B Smith said...

With Sutton's work, I find it's sometimes a matter of who's inking it...this particular issue looked a little patchy, but the next issue, inked by Mike Ploog, was great!

The next issue was also the first regular series work by Steve Engelhart...perhaps you should have covered that one instead :-)

Britt Reid said...

"Did NOT know that trademark-protection window was a mere two years long, though! Wow-- I would've guessed maybe five."

Trademarks with a "TM" (which means an unregistered trademark) are good for two years.
Trademarks with an "R in a circle" are registered and have a longer life-span before being declared "abandoned".
Since it costs money to register a trademark, many just use the "TM" unless the property becomes a hit, in which case they register it post-haste.

The Golden Age Captain Marvel had been registered, so the name didn't become available until 10 years after his last appearance in comics or on merchandise in 1954.
The 1966 Cap didn't have a registered name (in fact, he didn't even have a "TM"!), so it was available only two years after it's last use, at which point Kree Captain Mar-Vell made his debut.

If you look at the logos for the various MTU and MTiO guest-stars, almost all have "TM"s.

Edo Bosnar said...

Re: Tom Sutton's art, I generally like it although the panels here are rather unattractive. I agree that it depends on the inker, and would add that he was usually his own best inker. Also, I don't agree that he's only suited to humorous work. He did a lot of beautifully drawn horror and romance stories for Charlton and there's also the unforgettable (to me, anyway) Seeker 3000 and Paladin stories in Marvel Premiere (which he inked himself).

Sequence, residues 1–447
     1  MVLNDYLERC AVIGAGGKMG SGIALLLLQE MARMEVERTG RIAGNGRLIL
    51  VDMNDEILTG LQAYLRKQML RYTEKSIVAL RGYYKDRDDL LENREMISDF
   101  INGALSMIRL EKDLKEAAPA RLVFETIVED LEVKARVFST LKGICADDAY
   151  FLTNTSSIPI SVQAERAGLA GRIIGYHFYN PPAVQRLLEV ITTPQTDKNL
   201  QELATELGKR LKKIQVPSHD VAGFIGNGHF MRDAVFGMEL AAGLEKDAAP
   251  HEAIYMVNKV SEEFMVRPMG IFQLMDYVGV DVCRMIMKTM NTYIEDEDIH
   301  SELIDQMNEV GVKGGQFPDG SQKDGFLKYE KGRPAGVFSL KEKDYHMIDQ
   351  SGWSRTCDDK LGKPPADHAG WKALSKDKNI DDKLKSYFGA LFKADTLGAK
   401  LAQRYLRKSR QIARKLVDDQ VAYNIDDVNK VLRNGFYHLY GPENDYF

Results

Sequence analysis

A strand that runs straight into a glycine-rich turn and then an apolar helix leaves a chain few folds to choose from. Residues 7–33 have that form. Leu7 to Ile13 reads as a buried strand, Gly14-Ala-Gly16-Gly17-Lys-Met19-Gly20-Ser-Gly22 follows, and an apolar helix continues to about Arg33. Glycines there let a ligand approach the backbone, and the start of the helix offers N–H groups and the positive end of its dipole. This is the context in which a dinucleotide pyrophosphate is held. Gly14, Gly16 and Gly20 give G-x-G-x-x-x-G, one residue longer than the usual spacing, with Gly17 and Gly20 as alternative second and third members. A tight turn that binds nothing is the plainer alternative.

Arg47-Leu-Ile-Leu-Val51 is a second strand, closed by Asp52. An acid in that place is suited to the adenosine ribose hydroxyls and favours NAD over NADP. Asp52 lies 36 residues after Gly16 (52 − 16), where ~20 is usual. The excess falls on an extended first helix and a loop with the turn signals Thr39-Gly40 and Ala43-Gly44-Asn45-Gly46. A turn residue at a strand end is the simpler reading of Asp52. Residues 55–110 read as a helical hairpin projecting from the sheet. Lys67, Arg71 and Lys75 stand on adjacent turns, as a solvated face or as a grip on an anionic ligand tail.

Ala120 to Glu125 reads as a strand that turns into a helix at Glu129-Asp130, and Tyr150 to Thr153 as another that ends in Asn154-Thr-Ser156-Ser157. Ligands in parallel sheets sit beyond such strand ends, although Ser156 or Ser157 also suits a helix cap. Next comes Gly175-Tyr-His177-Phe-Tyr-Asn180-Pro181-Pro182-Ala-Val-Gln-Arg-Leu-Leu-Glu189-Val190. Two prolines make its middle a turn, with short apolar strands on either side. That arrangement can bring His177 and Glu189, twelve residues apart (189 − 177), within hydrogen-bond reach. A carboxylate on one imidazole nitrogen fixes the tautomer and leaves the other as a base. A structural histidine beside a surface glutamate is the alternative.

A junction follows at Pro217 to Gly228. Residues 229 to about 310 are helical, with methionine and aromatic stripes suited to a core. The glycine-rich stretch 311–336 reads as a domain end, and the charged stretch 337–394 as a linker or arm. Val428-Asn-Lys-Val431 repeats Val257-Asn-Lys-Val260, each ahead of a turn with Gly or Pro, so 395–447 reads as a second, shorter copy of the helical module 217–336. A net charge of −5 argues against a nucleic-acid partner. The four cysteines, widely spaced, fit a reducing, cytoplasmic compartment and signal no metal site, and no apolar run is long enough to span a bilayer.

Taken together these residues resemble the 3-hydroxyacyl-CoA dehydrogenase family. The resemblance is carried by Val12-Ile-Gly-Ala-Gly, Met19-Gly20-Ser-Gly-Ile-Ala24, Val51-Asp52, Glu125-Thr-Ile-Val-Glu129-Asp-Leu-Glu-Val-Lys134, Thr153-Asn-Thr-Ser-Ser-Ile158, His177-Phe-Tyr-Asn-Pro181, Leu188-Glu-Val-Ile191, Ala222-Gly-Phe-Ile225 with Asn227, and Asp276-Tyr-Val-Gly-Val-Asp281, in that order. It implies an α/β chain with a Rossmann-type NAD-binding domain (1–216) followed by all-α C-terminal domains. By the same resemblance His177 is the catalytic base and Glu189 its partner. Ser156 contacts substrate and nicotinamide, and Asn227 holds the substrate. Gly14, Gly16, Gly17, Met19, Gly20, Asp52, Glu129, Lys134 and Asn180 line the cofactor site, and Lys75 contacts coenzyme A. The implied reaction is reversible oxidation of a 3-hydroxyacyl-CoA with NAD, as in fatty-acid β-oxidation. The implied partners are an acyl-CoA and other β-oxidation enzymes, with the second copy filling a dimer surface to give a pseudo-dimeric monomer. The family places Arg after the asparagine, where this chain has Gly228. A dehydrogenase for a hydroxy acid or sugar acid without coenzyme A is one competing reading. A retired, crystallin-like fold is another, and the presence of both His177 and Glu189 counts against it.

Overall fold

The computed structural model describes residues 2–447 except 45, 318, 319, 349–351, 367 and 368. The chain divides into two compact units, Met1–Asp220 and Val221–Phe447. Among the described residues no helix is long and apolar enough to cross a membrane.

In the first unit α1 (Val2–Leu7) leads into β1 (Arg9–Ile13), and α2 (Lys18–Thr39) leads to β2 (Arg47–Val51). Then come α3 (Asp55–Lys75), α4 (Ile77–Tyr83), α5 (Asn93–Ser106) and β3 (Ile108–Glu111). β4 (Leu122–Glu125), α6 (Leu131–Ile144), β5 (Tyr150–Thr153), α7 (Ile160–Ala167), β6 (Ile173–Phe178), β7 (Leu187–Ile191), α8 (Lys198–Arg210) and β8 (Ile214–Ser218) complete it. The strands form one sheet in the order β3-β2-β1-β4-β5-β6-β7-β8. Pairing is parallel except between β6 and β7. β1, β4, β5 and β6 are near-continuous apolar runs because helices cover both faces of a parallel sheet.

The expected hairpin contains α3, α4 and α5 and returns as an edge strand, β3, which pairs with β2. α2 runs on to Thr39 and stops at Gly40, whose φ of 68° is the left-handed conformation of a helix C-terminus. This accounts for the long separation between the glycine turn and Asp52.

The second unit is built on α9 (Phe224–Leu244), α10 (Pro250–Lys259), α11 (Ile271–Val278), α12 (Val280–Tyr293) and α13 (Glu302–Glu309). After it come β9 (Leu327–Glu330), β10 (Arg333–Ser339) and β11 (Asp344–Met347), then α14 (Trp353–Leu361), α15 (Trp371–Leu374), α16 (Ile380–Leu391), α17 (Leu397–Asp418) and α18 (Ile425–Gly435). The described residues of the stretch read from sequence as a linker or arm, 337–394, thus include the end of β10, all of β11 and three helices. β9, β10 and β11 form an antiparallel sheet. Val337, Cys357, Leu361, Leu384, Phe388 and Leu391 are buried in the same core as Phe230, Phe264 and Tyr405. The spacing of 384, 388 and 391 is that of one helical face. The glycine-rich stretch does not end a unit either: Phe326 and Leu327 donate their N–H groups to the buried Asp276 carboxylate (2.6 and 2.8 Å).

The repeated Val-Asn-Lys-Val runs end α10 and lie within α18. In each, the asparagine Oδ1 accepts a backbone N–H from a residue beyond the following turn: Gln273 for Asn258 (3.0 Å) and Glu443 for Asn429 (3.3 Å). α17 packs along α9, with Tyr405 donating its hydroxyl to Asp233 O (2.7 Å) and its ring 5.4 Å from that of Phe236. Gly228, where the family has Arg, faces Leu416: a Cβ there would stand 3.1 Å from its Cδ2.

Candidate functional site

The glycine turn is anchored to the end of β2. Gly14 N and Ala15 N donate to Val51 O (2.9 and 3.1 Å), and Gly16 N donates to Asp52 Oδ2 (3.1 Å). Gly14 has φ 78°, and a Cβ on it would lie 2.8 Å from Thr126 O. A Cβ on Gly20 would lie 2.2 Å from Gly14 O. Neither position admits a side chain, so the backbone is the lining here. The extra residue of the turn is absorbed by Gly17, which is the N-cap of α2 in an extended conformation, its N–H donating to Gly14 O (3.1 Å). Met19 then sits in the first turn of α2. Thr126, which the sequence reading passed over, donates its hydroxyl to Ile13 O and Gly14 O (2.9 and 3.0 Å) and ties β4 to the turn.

johnlindwall said...

I never read this issue as a kid but read it in an Essentials volume last year, so I missed out on the purply-grey color mess.

First let me say that I love the blue ape-like Beast that was a member of the Avengers of my youth. The cat-beast is not my Beast, though I understand for a generation of readers he is _the_ Beast.

I agree on the art for this issue; not my cup of tea to be sure. The storyline remains confused and uninspired for the rest of the run as I recall. Especially cringe-worthy are the laughably impractical rubber masks and prosthetics that Hank devises to ape (ha!) a human appearance... In some scenes he is up close to other folks -- I think even kissing a lady -- and they DON'T NOTICE HE'S WEARING A BIG HALLOWEEN MASK! Ug.

Anonymous said...

"Especially cringe-worthy are the laughably impractical rubber masks and prosthetics that Hank devises to ape (ha!) a human appearance..."

Hey, it worked on tv shows like Mission: Impossible, Batman, even Buck Rogers!
And in the recent Captain America film, the Red Skull's "Johann Shmidt" mask was pretty convincing! ;-)

It's like accepting that wearing a skintight costume will fool those closest to you into thinking you're someone else.

You just go with it to get on with the story.

Anonymous said...

Skin tight costume?? How about just putting on a pair of glasses?